Towiański won the trust of many Polish émigrés, although he presented his teachings in a mystical way incomprehensible to many who listened to him, especially his Polish audience. He taught about the seven ages and about the messengers sent by Providence, whose mission was to remind humanity of God and his message. The number of seven ages was very enigmatic because Towiański took this number for granted and did not try to explain the whole scheme. Most likely, it was related to the seven seals of God mentioned in the book of Revelation. The first epoch was initiated by Jesus, and the second by Towiański. At the end of the seventh epoch, the kingdom of God would come upon earth, but sadly we have no data on the meaning of the other epochs that would follow the one begun by Towiański (Bystrzycki 1900, 35). The mystic imagined the earth surrounded by cordons of spirits, incarnating in earthly beings, though not necessarily in people. The members of the Circle were supposed to ignite an inner light by improving their own moral behaviour. This ‘spark of Christ’s fire’ was to help them break through the hosts of evil spirits and enable direct communication with God (Urbanowicz 2019, 48–49).

Towiański rejected the institution of the Catholic Church in its nineteenth-century shape, demanding an internal Church focused on spiritual matters. This does not mean, however, that he negated everything that the Church preached. In line with Pope Gregory XVI (p. 1831–1846), Towiański rejected armed revolution. According to him, salvation would come only through moral improvement based on humble suffering (Witkowska 1989, 12).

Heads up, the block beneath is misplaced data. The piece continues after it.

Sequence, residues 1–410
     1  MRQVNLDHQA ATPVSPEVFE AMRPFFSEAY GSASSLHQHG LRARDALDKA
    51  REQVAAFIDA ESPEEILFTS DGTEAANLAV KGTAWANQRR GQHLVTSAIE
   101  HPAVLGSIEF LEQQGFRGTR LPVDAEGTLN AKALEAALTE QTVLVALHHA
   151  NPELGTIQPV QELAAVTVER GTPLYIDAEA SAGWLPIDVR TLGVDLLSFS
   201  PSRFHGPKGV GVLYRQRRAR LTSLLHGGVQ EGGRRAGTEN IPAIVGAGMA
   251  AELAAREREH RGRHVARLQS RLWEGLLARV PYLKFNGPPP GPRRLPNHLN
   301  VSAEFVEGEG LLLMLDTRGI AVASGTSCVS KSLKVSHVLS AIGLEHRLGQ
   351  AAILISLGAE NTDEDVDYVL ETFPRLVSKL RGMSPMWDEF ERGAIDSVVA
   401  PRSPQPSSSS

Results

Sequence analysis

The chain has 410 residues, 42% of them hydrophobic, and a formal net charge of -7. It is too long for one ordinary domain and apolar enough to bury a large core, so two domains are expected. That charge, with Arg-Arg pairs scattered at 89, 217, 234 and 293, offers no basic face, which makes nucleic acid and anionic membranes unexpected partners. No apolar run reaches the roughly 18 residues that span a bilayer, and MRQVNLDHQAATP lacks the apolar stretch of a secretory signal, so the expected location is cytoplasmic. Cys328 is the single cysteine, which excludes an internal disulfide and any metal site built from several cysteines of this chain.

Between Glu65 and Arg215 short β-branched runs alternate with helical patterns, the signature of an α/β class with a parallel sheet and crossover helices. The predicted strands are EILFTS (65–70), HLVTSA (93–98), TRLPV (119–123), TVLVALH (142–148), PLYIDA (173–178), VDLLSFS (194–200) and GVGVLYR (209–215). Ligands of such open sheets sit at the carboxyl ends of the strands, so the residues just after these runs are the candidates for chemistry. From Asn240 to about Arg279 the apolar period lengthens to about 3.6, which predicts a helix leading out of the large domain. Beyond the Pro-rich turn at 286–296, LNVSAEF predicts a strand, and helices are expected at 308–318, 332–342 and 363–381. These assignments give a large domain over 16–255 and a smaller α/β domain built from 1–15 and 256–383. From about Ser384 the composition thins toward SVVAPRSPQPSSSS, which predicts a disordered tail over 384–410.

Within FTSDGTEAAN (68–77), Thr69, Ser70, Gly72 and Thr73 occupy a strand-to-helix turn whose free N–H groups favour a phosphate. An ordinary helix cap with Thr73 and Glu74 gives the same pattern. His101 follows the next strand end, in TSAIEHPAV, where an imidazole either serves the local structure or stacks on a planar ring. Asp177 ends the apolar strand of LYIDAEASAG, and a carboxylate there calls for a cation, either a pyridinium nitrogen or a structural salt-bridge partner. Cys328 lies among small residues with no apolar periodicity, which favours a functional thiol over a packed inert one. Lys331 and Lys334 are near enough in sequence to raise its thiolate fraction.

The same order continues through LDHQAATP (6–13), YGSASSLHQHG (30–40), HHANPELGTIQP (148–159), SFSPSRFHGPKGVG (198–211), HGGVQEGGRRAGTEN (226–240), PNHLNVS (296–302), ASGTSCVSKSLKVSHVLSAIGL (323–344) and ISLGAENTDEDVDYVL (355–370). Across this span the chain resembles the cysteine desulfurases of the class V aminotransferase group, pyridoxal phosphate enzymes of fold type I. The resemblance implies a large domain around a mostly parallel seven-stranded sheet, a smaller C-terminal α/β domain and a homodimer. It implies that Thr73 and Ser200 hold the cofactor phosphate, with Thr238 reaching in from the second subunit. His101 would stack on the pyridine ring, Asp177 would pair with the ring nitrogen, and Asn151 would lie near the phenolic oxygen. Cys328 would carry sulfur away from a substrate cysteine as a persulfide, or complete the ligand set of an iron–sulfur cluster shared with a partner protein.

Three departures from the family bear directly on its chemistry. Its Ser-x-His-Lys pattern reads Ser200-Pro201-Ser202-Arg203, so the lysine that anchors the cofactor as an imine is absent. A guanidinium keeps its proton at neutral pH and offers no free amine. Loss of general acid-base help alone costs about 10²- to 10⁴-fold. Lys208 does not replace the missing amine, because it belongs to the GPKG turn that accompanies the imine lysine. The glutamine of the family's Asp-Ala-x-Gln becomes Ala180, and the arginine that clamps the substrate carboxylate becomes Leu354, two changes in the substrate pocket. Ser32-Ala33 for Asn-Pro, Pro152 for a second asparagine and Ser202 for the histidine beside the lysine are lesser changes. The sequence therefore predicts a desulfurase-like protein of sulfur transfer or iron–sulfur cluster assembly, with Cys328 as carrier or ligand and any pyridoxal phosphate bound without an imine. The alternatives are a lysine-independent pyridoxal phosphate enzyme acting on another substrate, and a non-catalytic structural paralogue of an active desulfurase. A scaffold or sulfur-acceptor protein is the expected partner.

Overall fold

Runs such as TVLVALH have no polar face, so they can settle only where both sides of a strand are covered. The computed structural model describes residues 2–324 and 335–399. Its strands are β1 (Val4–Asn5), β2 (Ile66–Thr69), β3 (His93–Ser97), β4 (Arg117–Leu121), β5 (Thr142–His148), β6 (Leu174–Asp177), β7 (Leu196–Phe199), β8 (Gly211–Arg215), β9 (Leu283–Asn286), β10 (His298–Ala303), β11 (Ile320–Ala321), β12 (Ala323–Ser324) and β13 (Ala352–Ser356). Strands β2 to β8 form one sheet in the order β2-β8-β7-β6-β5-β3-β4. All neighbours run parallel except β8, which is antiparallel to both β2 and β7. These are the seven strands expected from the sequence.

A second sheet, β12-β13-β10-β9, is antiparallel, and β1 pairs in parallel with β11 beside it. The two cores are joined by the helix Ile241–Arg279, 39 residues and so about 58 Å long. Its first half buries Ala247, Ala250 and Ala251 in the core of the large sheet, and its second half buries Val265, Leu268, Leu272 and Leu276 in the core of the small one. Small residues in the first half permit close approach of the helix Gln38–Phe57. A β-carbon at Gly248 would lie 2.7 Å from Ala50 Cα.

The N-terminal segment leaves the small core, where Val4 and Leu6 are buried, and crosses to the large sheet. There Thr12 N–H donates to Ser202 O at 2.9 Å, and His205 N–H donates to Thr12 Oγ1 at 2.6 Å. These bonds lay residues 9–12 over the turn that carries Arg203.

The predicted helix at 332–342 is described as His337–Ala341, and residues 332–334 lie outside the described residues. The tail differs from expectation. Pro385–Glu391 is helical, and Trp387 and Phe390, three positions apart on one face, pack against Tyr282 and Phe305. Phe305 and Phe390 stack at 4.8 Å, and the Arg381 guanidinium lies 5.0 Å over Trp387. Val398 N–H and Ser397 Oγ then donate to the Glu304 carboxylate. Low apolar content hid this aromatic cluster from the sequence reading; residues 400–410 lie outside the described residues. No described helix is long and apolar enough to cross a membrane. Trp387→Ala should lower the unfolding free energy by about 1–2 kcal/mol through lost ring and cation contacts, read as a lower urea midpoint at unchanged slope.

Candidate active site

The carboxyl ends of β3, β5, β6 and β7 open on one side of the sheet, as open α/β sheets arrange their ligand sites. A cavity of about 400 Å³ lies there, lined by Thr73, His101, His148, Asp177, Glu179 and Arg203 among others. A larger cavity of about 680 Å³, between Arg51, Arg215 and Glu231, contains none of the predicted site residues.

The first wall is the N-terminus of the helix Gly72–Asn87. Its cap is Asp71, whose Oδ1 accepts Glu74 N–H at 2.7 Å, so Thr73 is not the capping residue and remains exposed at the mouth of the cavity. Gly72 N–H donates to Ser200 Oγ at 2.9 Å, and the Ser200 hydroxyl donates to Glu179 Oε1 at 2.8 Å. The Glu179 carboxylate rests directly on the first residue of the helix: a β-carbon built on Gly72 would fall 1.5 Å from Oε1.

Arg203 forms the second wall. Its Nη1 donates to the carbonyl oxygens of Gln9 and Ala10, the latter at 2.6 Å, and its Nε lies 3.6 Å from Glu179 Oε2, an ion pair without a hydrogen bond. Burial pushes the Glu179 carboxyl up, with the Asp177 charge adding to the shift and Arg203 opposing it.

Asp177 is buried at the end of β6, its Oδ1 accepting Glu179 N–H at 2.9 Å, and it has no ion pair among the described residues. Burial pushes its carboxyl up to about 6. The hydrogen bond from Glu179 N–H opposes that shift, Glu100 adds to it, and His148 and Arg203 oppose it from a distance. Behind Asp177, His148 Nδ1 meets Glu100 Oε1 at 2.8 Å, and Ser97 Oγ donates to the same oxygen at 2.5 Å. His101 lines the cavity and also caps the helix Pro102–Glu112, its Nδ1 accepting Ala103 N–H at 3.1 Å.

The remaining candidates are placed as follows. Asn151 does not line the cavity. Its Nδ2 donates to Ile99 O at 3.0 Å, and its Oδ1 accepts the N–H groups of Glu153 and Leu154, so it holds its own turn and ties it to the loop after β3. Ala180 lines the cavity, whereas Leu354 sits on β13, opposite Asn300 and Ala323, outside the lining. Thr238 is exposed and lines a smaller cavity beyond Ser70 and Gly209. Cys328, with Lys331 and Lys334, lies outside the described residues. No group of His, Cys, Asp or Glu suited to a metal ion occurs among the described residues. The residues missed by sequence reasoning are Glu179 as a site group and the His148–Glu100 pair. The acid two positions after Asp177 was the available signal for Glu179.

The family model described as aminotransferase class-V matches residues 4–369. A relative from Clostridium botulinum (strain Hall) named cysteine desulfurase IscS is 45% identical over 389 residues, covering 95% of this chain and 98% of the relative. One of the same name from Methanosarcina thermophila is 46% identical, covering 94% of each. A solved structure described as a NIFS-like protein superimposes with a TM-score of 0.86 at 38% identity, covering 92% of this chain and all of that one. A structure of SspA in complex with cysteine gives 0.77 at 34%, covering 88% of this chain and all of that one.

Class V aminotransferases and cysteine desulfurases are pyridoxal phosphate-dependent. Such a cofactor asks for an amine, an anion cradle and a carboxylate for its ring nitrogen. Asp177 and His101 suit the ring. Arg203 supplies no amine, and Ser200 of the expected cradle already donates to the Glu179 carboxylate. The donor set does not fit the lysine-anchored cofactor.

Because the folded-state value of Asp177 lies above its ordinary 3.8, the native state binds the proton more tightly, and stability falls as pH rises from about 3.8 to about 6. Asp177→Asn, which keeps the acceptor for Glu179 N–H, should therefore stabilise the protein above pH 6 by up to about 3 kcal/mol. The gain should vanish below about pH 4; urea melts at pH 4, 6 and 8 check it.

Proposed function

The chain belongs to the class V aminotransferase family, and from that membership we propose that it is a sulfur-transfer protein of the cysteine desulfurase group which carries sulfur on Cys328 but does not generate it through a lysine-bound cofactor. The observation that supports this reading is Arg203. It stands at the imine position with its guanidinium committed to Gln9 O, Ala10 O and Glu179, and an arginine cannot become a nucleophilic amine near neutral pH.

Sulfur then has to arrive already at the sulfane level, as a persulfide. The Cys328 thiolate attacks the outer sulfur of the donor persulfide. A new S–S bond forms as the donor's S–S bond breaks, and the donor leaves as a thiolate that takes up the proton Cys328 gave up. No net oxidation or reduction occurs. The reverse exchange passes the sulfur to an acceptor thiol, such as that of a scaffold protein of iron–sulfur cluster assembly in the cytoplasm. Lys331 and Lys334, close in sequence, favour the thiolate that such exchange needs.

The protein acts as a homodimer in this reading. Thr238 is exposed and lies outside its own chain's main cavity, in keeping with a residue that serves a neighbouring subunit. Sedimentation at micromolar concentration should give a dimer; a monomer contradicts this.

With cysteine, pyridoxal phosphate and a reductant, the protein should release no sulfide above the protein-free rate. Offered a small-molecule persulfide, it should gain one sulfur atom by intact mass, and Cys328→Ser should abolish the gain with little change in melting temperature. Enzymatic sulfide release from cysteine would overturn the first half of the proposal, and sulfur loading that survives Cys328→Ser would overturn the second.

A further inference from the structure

For many Polish patriots, the idea of ​​the primacy of the cause of God over the cause of the nation’s independence was unacceptable. Towiański was aware that nations often, at least in the initial phase, reject their prophets. As a consequence, disturbances appear in social life, and evil and intellectual chaos spread. According to Towiański, it was precisely the lack of nurturing spiritual values ​​that led to the collapse of statehood—that is, the loss of political independence. He believed, however, that a nation ennobled by suffering would eventually be reborn. Not everyone took to this process enthusiastically. Towiański urged people to see one’s neighbour even in a political enemy. For this reason, he began to be accused of a lack of patriotism. There were even allegations that he was deliberately sent by the tsar’s authorities to France to sow discord among representatives of the Polish emigration (Hertz 1953, 158). However, research conducted by Samuel Fiszman in the Mickiewicz Archives showed that Towiański was not a tsar’s agent. As it turned out, another figure bearing exactly the same name served as a spy for the Russians. Towiański’s opponents, consciously or not, combined biographies of both individuals (Horoszkiewiczówna 1935, 3–21).

Towiański strongly believed that in the process of world transformation, three nations—i.e., Jews, French, and Poles (although he often meant Slavs in general)—would play a leading role. When it came to individuals, Towiański looked at Napoleon with admiration, which probably prompted Louis Philippe to expel him from France in 1842. The mystic settled in Zurich, where he conducted his activity until the end of his life, trying unsuccessfully to convince Pope Pius IX (p. 1846–1878) other church officials to undertake a Christian revolution that would introduce evangelical principles into the world of international relations (Weber 2000, 128).

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Adam Mickiewicz

Mickiewicz, a poet and mystic, made known his messianism for the first time in 1832 in The Books and the Pilgrimage of the Polish Nation. This work is one of the foundations of Polish Messianism. The author compared the partitions of Poland to the passion of Jesus, and its liberation to his resurrection.